Today is Memorial Day, a day set aside to remember those who made the ultimate sacrifice for our country. As the wife of a veteran and the friend of those among the lost, this day is heavy with memory and meaning. I’m thinking especially of Will Lindsay this morning, who died serving in Afghanistan just over three years ago. Will and Derrick were on the same special forces team, and they shared two homes together before we left for Denver and medical school. He was a good, good man. And he was a brother to Derrick, bonded by war and ordinary life, and the entrance into marriage and fatherhood around the same time. Above all else, he was a family man. He delighted in his wife, Sarah, and their four daughters. At his memorial service, a teammate shared advice Will had given him when he was still fresh from training. You will be away a lot with this team, but when you are home, be completely home. Put away your phone and give your family all of you. I know Will lived that, playing blocks, board games, and Barbies on the floor for hours.
I will never forget the moment I learned of his death or the moment I told Derrick, pulled from surgery to find me and Eliza in a call room waiting. The pain was physical, and the “what-ifs” relentless. We drove to his home in shock and collapsed there in tears with Sarah and old teammates. Once again, the floor had dropped out beneath us, violently and unexpectedly, and once again, every single other thing in life shifted into what I believe must be its proper place. Derrick’s imminent test, the long hours in residency, even Eliza’s health struggles and diagnosis paled in comparison in the light of Will’s death. It carried with it a finality that stripped us raw, pulling back the illusion of control we cling to and shedding the burden of worry we attach to a million things that really don’t matter.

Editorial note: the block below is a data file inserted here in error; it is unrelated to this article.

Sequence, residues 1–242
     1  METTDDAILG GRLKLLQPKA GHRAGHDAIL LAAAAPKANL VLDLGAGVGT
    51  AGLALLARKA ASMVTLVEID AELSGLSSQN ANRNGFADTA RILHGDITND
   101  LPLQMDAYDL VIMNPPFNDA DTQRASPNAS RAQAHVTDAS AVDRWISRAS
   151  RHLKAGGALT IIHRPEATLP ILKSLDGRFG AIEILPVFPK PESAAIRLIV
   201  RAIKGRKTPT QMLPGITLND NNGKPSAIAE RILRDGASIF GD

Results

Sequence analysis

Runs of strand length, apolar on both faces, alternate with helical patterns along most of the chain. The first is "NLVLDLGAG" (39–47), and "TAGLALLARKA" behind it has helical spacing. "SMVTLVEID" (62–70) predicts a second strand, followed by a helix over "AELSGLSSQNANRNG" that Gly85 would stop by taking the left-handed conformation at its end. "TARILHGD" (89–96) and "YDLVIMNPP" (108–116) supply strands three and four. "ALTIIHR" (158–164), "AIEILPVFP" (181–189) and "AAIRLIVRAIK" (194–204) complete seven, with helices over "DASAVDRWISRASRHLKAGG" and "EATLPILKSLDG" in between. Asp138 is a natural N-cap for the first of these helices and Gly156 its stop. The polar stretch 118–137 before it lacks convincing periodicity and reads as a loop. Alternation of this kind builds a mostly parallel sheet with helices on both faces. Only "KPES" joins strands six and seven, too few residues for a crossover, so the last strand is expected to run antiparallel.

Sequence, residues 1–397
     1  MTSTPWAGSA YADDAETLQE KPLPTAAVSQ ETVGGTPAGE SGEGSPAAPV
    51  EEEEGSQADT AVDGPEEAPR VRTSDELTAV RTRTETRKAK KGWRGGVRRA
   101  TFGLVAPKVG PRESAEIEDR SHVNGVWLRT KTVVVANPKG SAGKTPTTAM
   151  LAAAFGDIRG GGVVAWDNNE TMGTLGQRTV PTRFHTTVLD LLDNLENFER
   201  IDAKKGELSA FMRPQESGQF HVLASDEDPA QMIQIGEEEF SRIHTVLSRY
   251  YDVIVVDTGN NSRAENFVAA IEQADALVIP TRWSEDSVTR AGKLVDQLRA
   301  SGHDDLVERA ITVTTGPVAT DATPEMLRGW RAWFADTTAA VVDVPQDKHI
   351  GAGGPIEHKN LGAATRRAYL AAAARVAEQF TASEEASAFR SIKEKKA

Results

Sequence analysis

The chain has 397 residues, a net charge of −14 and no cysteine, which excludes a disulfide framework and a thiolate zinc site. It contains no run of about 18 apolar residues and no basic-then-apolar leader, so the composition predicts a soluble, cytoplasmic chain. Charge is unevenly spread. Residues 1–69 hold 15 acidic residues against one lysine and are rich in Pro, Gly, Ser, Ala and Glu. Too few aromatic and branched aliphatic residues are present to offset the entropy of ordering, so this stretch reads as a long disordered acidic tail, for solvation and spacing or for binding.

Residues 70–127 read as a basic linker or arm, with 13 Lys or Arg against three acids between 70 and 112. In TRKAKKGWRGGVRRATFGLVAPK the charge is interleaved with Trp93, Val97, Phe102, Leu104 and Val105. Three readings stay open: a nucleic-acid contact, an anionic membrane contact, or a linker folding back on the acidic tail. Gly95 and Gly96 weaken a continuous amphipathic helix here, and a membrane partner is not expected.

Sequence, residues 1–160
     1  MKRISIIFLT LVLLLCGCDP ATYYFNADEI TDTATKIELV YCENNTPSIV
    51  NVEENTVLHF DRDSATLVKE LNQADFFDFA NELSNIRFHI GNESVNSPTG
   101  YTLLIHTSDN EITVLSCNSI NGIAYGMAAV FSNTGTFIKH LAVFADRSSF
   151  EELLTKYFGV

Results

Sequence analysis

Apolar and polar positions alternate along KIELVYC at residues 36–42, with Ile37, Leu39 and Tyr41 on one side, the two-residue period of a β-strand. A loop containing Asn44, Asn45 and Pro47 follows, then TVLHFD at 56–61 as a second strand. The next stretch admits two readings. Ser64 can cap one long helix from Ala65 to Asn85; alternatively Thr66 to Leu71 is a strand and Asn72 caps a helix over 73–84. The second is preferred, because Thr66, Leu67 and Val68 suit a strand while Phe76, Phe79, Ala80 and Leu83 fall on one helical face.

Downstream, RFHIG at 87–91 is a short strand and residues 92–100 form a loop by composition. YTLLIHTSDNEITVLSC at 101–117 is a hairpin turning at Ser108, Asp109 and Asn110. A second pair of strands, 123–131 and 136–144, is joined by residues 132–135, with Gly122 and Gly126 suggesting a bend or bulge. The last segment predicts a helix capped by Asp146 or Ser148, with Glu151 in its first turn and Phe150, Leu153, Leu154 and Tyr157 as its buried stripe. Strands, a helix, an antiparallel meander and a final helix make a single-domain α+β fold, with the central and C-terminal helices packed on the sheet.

It brought me back to that NICU perspective, deepening what I thought I had already learned and expanding it into new channels of pain, wisdom, and gratitude. It was utter devastation, loss beyond measure, and it was also intense love. You could feel it in the hugs and see it in the tear-filled eyes around the room that night and for so many days after. We needed each other, and we knew it. It wasn’t as much a new lesson as it was a reminder that this lesson – the bursting and breaking of our hearts – is worthy of our attention, our time, and our care for each other. May I live a life worthy of Will’s sacrifice…a continual thank offering to those who have given of themselves in a million different ways. And may I be a giver myself, looking first and foremost to the cross as the guide to what true love looks like. No greater love than this…that one may lay down his life for a friend. Amen and amen.